The English major is among the most flexible programs of study at Loyola. Because the major requires only 10 courses beyond the core, it is easy to minor or even double major in a wide variety of other disciplines. Working closely with an advisor, students may select core courses and electives to form a concentration in any of several business, social sciences, science, or humanities disciplines. Moreover, the minor option (in which students take five upper-division courses in English) allows students who wish to major in the sciences, social sciences, or business science to supplement their education with analytical and expressive skills.
Because of its scope and flexibility, the English program can prepare majors and minors for a variety of careers. In the past, our majors have pursued careers in teaching, journalism, business, library science, textbook production and marketing, and technical writing. English is also excellent preparation for law school. When he spoke on Loyola's campus several years ago, then-Associate (later Chief) Justice William Rehnquist noted that in his opinion, English, with its concentration on close reading and persuasive argumentation, is the ideal preparation for law school.
One alumnus has had several novels on The New York Times best-seller list; another has written scripts for the highly-acclaimed Baltimore-based television show Homicide: Life on the Streets. A third is a best-selling journalist, and a successful motion picture was based on one of his books.
In addition, some of our graduates have gone on to advanced study at Pembroke College and St. Hilda's at Oxford, to graduate schools including Harvard, Princeton, Yale, the University of Pennsylvania, the University of Maryland, Emory University, the University of New Hampshire, the University of South Carolina, Fordham University, and the University of Delaware. Loyola English majors have attended law school at Georgetown, Yale, Tulane, the University of Maryland, The Catholic University of America, and the University of Baltimore.
Not all English majors go on to graduate or law school, or become professional writers. Many enjoy rewarding and productive careers in advertising, management, marketing, education, and philanthropic organizations. Your advisor can help you tailor a program that will position you as an English major with practical skills who can achieve satisfaction in any career you pursue after your years at Loyola.
Qualified students can enrich their liberal arts education and apply their skills as English majors in areas in which they may choose to pursue a career. The following internships are offered for credit:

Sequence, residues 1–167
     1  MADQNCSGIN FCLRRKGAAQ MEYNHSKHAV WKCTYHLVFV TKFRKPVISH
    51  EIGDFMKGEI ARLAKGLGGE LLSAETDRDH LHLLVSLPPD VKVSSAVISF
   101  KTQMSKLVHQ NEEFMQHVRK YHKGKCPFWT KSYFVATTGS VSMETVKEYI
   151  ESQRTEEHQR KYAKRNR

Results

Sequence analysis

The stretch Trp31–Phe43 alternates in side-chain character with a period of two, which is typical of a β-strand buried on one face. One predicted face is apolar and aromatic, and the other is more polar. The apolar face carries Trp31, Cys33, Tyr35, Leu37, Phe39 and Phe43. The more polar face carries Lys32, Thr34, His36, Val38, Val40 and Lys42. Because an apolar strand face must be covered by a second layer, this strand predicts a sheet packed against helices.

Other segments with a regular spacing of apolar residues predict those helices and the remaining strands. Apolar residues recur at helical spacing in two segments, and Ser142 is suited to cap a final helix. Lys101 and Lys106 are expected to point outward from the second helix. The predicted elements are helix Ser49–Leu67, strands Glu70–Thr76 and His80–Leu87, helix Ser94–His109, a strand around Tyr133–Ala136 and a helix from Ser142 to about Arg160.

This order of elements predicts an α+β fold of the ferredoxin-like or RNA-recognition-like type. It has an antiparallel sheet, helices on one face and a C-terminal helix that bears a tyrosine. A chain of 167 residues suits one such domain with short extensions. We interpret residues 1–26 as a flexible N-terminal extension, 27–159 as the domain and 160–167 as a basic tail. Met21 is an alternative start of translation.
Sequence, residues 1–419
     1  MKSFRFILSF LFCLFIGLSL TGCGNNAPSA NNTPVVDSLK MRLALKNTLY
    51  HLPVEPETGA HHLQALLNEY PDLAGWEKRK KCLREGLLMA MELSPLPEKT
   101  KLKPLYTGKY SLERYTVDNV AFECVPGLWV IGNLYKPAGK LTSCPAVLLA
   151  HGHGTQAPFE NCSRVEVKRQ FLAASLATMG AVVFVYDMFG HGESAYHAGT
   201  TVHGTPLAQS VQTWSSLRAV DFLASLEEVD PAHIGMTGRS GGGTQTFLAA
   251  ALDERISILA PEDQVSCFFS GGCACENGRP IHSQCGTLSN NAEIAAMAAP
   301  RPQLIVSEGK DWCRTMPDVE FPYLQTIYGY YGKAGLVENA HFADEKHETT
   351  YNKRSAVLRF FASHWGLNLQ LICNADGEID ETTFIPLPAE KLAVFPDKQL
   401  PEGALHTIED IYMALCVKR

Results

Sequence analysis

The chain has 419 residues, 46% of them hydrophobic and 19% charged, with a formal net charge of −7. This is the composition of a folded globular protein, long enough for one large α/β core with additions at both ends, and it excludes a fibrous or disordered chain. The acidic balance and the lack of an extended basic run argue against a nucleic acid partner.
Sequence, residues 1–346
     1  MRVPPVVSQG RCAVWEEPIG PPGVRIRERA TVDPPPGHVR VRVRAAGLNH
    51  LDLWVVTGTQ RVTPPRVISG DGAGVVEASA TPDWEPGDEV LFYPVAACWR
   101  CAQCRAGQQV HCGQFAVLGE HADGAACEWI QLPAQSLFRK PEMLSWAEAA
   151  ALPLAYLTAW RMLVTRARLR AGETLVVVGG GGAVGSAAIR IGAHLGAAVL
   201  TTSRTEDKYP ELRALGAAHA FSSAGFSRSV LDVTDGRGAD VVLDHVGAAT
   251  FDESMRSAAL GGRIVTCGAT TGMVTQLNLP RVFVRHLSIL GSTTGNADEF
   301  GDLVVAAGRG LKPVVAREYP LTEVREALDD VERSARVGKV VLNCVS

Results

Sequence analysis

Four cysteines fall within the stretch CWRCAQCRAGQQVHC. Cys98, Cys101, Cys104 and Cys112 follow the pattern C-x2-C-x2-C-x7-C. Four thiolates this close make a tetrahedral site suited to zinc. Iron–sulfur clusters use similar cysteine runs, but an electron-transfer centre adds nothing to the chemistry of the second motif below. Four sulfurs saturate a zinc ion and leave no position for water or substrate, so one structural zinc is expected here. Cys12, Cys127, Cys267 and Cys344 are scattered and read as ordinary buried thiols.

- EN 090 English Internships (50 Hours, 1 credit)
Internships give students an opportunity for hands-on experience in career fields such as publishing, public relations, advertising, journalism, and law. Students must document at least 50 hours of work at the internship site over the course of the semester and will be periodically evaluated by their supervisor(s). Note: does not count toward the 120-credit graduation requirement.
- EN 097 English Internships in Public Schools and EN 098 English Internships in Private Schools (150 hours, 3 credits)
These courses enable students to learn about teaching English in either private or public middle and high schools. Students must document at least 150 hours of work at the internship site over the course of the semester (approx. 10 hours per week). Interns work closely with a mentor who is an experienced teacher, under the supervision of the chair of the school’s English department and in close association with the department's internships coordinator.
- EN 099 English Internships (150 hours, 3 credits)
Internships in publishing, public relations, advertising, marketing, journalism, grant-writing, technical writing, law, and government give students intensive, hands-on experience. Students must document at least 150 hours of work at the internship site over the course of the semester (approx. 10 hours per week).
An intern works closely with the English Department's internship coordinator to design a course during which the student learns skills and approaches specific to one enterprise, including teaching, publishing, the law, journalism, advertising, public relations, and nonprofit organizations.
Internships may be paid or unpaid, though most are unpaid. Students should contact the department's internship coordinator well before registration for the semester in which the internship will take place. While the internship coordinator can provide information about some internship opportunities, students are also encouraged to consult the Career Center (DeChiaro College Center, Ground Floor, West Wing -- 410-617-2232), which maintains several substantial databases of internships, including "Hounds For Hire," which also contains information about positions available throughout the United States.
Students wishing to obtain a summer internship for credit should register for EN 090. EN 097, EN098, and EN 099 are not offered during the summer.
Prof. Jean Lee Cole